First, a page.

Ramaphosa promises to fix energy crisis, announces changes in local government appointments

President Cyril Ramaphosa during the tabling of the presidency budget vote in Parliament on Wednesday. Picture: Leon Lestrade/African News Agency (ANA)

President Cyril Ramaphosa during the tabling of the presidency budget vote in Parliament on Wednesday. Picture: Leon Lestrade/African News Agency (ANA)

Published May 31, 2023


Cape Town - President Cyril Ramaphosa has announced a number of measures to reduce load shedding and add more megawatts to the grid by the end of the year.

Ramaphosa said the immediate priority of government was to achieve energy security.

He denied that there could be a total blackout in the country as the grid was on the verge of collapse.

He said Eskom has systems in place to prevent the blackout.

Ramaphosa, who was delivering his budget vote in Parliament on Wednesday, said they will procure about 10 000MW of new generation capacity after more than 100 projects were implemented.

They will also get 2 800MW from Bid Window 5 and 6.

“In the coming months, we will initiate the procurement of more than 10 000 MW of additional generation capacity from wind, solar, gas and battery storage, which will further contribute to closing the shortfall in energy supply,” said Ramaphosa.

He said Eskom’s power stations were in a poor state.

But they were all doing all they can to ensure they continue to operate.

The government was hoping it would get another 4 500MW once six units at Medupi, Kusile and Koeberg are back online by the end of the year following repairs.

The president also denied that the grid was on the verge of collapse and the country could face a blackout.

“We must reiterate that the risk of a national blackout remains extremely low. There are many safeguards in place to prevent such an incident from occurring. Load shedding allows Eskom to keep the system in balance at all times,” said Ramaphosa.

The government will continue with plans to delay the decommissioning of some of the power stations to be able to meet the energy demand.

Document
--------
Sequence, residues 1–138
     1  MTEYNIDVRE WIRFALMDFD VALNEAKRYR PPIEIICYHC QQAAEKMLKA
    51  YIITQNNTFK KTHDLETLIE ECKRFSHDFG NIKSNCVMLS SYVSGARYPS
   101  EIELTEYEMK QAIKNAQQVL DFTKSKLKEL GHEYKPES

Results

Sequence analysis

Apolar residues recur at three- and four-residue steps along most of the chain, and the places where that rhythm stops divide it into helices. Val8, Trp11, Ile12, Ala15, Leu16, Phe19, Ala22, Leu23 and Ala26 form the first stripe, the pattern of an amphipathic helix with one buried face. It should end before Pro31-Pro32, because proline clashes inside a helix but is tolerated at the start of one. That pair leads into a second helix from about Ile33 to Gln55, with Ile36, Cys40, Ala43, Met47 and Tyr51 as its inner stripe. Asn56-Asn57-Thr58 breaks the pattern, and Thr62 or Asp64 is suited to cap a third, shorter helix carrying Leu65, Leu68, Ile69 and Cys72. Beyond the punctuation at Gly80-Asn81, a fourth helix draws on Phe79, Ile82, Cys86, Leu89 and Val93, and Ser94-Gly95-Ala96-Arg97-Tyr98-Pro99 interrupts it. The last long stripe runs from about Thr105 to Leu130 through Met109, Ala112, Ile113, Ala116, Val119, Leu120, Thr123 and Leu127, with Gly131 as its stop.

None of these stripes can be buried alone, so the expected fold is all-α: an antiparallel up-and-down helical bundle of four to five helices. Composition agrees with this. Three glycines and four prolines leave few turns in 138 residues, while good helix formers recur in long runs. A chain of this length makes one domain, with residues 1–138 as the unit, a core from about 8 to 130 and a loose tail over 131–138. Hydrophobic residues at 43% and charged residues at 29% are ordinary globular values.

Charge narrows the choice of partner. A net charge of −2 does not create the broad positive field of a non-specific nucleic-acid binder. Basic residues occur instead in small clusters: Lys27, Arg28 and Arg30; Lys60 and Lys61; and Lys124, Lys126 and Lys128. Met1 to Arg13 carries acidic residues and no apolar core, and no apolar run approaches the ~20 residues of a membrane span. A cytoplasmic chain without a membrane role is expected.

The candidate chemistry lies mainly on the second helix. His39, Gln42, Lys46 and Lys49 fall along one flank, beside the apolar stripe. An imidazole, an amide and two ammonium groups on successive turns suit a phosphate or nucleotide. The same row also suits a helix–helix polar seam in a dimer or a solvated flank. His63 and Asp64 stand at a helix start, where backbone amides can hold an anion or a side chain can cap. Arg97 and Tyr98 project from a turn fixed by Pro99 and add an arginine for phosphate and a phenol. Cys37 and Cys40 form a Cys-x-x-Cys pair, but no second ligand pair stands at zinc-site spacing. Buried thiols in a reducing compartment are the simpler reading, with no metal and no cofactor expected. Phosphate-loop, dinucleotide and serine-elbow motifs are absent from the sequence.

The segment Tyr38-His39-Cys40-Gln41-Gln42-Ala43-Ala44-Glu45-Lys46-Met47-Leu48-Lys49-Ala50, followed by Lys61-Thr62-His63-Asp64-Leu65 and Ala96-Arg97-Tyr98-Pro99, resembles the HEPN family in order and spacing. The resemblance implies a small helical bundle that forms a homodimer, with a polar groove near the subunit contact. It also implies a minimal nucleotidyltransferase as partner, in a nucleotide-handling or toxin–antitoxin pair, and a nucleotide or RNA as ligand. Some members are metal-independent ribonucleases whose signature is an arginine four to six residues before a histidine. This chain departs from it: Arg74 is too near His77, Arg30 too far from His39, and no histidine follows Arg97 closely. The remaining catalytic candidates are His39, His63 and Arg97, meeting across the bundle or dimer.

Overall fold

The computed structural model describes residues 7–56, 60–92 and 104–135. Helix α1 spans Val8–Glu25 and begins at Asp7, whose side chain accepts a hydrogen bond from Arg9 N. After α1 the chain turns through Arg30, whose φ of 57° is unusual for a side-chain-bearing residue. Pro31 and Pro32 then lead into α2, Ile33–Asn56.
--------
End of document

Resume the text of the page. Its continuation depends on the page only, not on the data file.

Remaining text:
This point was reiterated by Deputy President Paul Mashatile in the Eastern Cape at the weekend.

Minister of Electricity Kgosientsho Ramokgopa has also emphasised that South Africa was not going to decommission its power stations now until they have resolved the energy crisis.

Ramaphosa also announced that they would allow third parties to enter the rail network.

“Transnet is working to establish a separate Infrastructure Manager within Transnet Freight Rail (TFR), which will enable third party access to the core rail network,” he said.

The government will continue to crackdown on corruption in the public sector.

Ramaphosa said they will complete the lifestyle audits of senior officials by next year.

Ramaphosa also announced changes in the appointment of senior officials from local government.

He said the appointment of municipal managers and chief financial officers could be handled at national level to eliminate the problem of undue political influence.

“We need to strengthen local government by separating the administration from undue political influence. For example, the appointment process of officials such as the municipal manager and chief financial officer could involve competence verification by national departments like Cooperative Governance and National Treasury. This would help to ensure people with the right skills and experience are appointed,” said Ramaphosa.

In sweeping changes in the handling of disciplinary cases Ramaphosa said all these cases will now be handled by one entity. They will no longer be done at each sphere of government.

The Public Service Commission would now have powers over local government.

“As part of our response to the recommendations of the State Capture Commission, we have prioritised the establishment of a single register for disciplinary cases and processes across all spheres of government. The Cabinet recently approved for public comment a bill that would expand the powers of the Public Service Commission, including giving the Commission authority over local government. This will go a long way to improving the professionalism and accountability of all spheres of the administration,” said Ramaphosa.

Ramaphosa also said they would recruit 10 000 officers for the next three years and this will bring the number to 30 000.

He said out of the 30 000 officers in the SAPS 3 000 of them would be deployed in the detective services.

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